FOR anyone interested in Facebook and its precocious creator, Mark Zuckerberg, there was a jaw-dropping moment in the 2010 movie The Social Network, which purports to tell their story.
The scene is a swanky lawyer's office. Zuckerberg, played by Jesse Eisenberg, has been brought face to face with the Winklevoss twins and Divya Narendra, their business partner, accused of stealing their idea for Facebook. They want a cut. Zuckerberg is in no mood to capitulate but his lawyer recommends otherwise. "Pay them," she tells him. "In the scheme of things, it's a parking ticket."
Back in the real world, we know that Zuckerberg agreed to give the Winklevosses and Narendra $65 million. That may sound a lot of spondulicks but to Zuckerberg and Facebook it was indeed no more taxing than a parking ticket. If, as is imminently expected, Facebook floats on the stock market it could be worth $100 billion, in the process making its founder, who is 27, one of the wealthiest individuals on the planet.
Even by Silicon Valley standards such sums are mind-boggling, more so when you know that Facebook has only been around for eight years. Today, it has 800 million users, all of whom, to a greater or lesser extent, agree without coercion or the parting of hard cash voluntarily to share information (as well as thoughts and opinions) about themselves with countless people they don't know.
To those of us weaned on George Orwell's 1984 such cavalier abandonment of privacy may seem odd, even dangerous. To Zuckerberg's generation, however, it is regarded as natural, even essential.
In that regard they're in line with Zuckerberg's philosophy, which is to create a different kind of internet, sharing not just the kind of information you used to find in libraries but what's in our heads. As he told the New Yorker, "It's like hardwired into us in a deeper way: you really want to know what's going on with the people around you."
Sceptical as I am about Facebook, there is no denying its success or its hold over its users. Generation Facebook is addicted to the site, spending long hours immersed in it. "With Facebook," remarked the novelist Zadie Smith, "hours, afternoons, entire days went by without my noticing it."
Eventually, Smith managed to give it up but was left wondering what happened to the information that previously she'd so blithely shared. Zuckerberg insists that none of it will be passed on but how can she – or any Facebook users who want to drop out – be sure? Once you share intimate details about yourself online they may be out there for ever, passed on from person to person, and used for who knows what ends.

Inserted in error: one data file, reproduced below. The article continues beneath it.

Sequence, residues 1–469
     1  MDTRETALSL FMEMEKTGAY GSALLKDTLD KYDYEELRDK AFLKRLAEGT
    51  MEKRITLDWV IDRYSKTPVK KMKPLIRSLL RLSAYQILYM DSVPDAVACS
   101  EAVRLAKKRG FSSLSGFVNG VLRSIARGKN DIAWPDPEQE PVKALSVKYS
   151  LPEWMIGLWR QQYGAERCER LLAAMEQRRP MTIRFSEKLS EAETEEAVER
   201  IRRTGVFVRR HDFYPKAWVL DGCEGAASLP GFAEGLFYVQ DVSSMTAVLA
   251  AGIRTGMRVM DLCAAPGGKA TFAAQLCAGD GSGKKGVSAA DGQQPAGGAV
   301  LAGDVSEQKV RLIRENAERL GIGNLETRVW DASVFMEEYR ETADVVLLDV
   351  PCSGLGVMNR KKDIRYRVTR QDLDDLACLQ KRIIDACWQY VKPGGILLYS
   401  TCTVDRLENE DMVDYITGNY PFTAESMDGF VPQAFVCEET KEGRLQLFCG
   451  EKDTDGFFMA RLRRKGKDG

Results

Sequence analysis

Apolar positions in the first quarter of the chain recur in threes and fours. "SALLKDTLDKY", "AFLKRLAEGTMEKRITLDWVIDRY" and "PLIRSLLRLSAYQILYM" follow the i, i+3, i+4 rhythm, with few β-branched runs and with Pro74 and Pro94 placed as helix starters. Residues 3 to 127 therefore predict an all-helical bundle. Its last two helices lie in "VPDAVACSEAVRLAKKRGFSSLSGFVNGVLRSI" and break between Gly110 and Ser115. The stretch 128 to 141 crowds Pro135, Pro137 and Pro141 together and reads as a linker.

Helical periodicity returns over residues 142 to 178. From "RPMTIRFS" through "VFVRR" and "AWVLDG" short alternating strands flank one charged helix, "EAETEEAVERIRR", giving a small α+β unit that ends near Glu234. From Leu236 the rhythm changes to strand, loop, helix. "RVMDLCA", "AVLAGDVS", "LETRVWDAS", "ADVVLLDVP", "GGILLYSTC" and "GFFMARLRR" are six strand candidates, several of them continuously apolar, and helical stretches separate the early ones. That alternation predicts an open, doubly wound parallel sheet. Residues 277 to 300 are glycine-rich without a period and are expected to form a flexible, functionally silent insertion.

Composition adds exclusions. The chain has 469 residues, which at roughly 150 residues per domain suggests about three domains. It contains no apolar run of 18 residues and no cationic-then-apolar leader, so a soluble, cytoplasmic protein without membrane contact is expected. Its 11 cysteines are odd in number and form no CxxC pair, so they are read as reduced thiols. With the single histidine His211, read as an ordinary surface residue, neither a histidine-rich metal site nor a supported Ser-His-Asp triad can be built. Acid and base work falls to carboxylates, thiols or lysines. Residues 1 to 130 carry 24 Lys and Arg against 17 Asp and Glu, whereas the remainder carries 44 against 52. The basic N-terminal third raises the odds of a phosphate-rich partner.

As the Leveson inquiry attempts to turn the clock back on public exposure, Facebook wants everyone to reveal everything about themselves. The aim is for its users to offer more and more personal information. Privacy, insists Zuckerberg, is an evolving "social norm".
It's a notion that appeals particularly to the young, many of whom gorge on trivia about witless celebrities. Facebook allows them, too, to be celebrities, albeit unpestered by paparazzi. Moreover, they want to be friends with as many people as possible and vie to accumulate ever more friends.
That few of these "friends" really are friends, in the sense that you could call them up and ask them for a fiver whenever you need one, seems neither here nor there. A friend, as defined by Facebook, is simply someone who wants to be a friend. Whenever I am asked to be anyone's friend I either ignore the request or tell him or her that with a friend like me on their books their chances of acquiring more friends will be slim.
The need for friendship is not, I surmise, what motivates Zuckerberg. Nor does he appear to be much interested in money or status or influence. On his Facebook page he lists as interests "minimalism", "revolutions" and "eliminating desire". Make of that what you will. He may be an idealist. Or simply a talented programmer who created a monster which he and we will live to regret. Where's your George Orwell now?
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